Private vs. State Tidal Wetlands
Annotated Code of Maryland, Environment Article, Title 16. Wetlands and Riparian Rights (§16-10l) defines:
State Wetlands — “State wetlands” means any land under the navigable waters of the State below the mean high tide, affected by the regular rise and fall of the tide. Wetlands of this category which have been transferred by the State by valid grant, lease, patent or grant confirmed by Article 5 of the Maryland Declarations of Rights shall be considered “private wetland” to the extent of the interest transferred.
Private Wetlands — (1) “Private wetlands” means any land not considered “State wetland” bordering on or lying beneath tidal waters, which is subject to regular or period tidal action and supports aquatic growth. (2) “Private wetlands” includes wetlands, transferred by the State by a valid grant, lease, patent or grant confirmed by Article 5 of the Maryland Declaration of Rights, to the extent of the interest transferred.
In general terms and as shown in the diagram below, State tidal wetlands (may be referred to as low marsh) are those areas subject to the daily ebb and flow of the tide. Private tidal wetlands (may be referred to as high marsh) are those areas subject to tidal inundation on a less frequent basis, sometimes monthly and sometimes annually (e.g., during Spring tides). There is a common misconception that all vegetated wetlands are private and only open water is State. Please note that State tidal wetlands include some areas of wetland vegetation.
Making the Determination
Acceptable Methods (may vary from site to site):
- Vegetative analyses of the wetlands using accepted survey methods, transects, etc.
- Where vegetation is ambiguous, established NOAA benchmarks and tide data (if the tide station is close enough) can determine the elevation of mean high tide.
- If tidal information is unavailable, an on-site tide station, along with NOAA benchmarks and vegetative analyses.
A professional should document how the determination was made, either as part of the required environmental report or separately. It should include a description of the survey methods, a description of findings and conclusions, benchmark and/or tide station data and a graphical depiction of the results. The State/private boundary should be flagged in the field and then surveyed. A Jurisdictional Determination from the Army Corps of Engineers does not distinguish between State and private wetlands and may not be sufficient to document ownership.
If a property owner is claiming ownership via a valid land patent or King’s grant, documentation from the Commissioner of Land Patents must be provided.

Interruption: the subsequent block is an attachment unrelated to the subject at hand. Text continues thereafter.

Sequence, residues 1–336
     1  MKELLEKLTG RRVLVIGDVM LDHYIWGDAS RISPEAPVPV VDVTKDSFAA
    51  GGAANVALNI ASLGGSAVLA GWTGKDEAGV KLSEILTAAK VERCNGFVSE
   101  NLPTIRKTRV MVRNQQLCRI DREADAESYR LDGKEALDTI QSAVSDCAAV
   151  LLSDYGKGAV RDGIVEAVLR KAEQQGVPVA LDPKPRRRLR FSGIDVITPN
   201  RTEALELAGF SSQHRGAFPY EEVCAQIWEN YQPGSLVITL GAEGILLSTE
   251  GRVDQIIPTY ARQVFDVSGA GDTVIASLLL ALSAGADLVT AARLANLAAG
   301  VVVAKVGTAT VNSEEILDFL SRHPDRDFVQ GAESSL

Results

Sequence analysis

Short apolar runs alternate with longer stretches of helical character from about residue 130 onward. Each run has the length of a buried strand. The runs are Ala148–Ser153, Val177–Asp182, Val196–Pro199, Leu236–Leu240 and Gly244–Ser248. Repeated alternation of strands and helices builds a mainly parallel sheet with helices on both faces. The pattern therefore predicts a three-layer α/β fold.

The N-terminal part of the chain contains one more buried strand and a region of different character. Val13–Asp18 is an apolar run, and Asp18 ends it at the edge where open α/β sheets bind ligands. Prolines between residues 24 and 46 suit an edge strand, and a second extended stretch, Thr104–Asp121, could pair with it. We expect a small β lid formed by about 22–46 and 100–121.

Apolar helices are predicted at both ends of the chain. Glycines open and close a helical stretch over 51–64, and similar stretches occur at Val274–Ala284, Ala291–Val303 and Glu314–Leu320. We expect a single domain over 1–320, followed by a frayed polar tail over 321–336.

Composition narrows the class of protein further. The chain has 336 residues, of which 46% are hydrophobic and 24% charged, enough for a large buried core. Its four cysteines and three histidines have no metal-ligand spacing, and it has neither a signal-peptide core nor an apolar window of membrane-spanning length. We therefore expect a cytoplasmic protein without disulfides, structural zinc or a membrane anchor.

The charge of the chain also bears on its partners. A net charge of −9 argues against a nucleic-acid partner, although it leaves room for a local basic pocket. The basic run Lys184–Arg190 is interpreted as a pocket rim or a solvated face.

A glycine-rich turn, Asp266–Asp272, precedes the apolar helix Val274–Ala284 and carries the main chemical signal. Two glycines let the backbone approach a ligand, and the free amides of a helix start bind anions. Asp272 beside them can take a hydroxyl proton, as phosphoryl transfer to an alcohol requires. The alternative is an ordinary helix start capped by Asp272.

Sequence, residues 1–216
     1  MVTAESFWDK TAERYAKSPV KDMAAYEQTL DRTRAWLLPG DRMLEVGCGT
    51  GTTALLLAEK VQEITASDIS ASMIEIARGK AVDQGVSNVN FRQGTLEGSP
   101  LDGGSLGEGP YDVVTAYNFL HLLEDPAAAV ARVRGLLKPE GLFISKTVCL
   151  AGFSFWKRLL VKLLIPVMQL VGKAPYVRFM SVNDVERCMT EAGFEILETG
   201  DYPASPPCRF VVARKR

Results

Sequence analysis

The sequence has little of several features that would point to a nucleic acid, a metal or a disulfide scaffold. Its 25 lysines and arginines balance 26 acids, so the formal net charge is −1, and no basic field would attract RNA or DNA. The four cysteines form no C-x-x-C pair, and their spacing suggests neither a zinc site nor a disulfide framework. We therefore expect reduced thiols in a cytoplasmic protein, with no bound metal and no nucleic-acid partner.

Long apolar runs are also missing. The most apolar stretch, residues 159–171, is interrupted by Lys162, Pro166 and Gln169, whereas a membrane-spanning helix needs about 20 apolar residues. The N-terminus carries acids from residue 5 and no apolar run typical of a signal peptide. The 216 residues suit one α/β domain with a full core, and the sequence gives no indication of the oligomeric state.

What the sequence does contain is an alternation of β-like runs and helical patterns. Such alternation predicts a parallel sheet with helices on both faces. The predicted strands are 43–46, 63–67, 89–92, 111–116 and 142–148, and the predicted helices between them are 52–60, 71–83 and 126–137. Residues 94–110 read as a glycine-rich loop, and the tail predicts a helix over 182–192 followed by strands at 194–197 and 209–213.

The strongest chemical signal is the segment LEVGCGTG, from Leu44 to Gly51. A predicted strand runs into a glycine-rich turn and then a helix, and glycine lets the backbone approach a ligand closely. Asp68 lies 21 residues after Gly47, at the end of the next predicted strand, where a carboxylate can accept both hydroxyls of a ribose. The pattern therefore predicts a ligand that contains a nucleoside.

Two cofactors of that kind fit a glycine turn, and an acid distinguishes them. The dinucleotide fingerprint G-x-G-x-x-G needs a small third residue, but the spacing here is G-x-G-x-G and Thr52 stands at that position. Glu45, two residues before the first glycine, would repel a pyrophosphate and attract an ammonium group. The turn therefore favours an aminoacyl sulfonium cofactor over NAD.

Why Does It Matter?
Private Wetlands - Can be included in gross site acreage for Critical Area calculation purposes. State Wetlands - Are not privately owned, cannot be used for Critical Area calculation purposes.
Parcel 116 - Deed and/or tax records indicate a total acreage of 165 acres. The property has a Critical Area designation of RCA. There is no valid land patent or King’s grant for the property. The proposed subdivision plat for eight (8) lots at one dwelling unit per 20 acres shows a boundary survey to the center of Pikes Creek. A total of 68 acres are shown as “tidal wetlands” without any additional documentation.
A determination as to the ownership of the tidal wetlands must be made in order to:
- Calculate allowable density
- Determine permitted impervious surface coverage
- Calculate afforestation or reforestation requirements
In the example above, Critical Area issues are evident. If the 68 acres of tidal wetlands are below mean high water (MHW) and are determined to be State wetlands, allowable density on the remaining 97 acres of the property is four (4) dwelling units. The impervious coverage allowance and afforestation requirements would also be based on 97 acres. If all 68 acres of tidal wetlands are determined to be above MHW, allowable density would be the eight dwelling units proposed. (Natural Resources Article, §8-1808.1, “In calculating the 1-in-20 acre density ... a local jurisdiction may permit the area of any private wetlands on the property to be included ... the density of development on the upland portion of the parcel may not exceed 1 dwelling unit per 8 acres.”) Allowable impervious coverage and afforestation requirements would be based on the entire 165 acres. It is likely that there would be some State wetlands and some private, with the allowable density somewhere between 4 and 8 units.
- Bay Smart Guide
- Overview of House Bill 1253 - 2008 Legislation
(Adobe Acrobat file 220KB)
- A Guide to the Conservation of Forest Interior Dwelling Birds in the Chesapeake Bay Critical Area
(Adobe Acrobat file 270KB)
- Critical Area 10% Rule Guidance Manual
- Private vs. State Tidal Wetlands
- Forest Mitigation
- Public Walkways
- Living Shorelines
- Backyard Makeover
- Golf Courses in the RCA - Final
- Native Plants for Wildlife Habitat and Conservation Landscaping - Chesapeake Bay Watershed - U.S. Fish & Wildlife Service
- Local Government Assistance Guide - Critical Area Buffer
- Local Government Assistance Guide - Lot Coverage
This new publication was developed to assist homeowners with planting and maintaining shoreline Buffers. It includes lots of information about the importance of the Critical Area Buffer and includes Buffer Management Plans that can be used to satisfy Buffer planting requirements for new construction on waterfront lots.
For general questions ...
... or information about the Critical Area Program or questions relating to State oversight of local programs, e-mail Mary Owens or call 410-260-3480.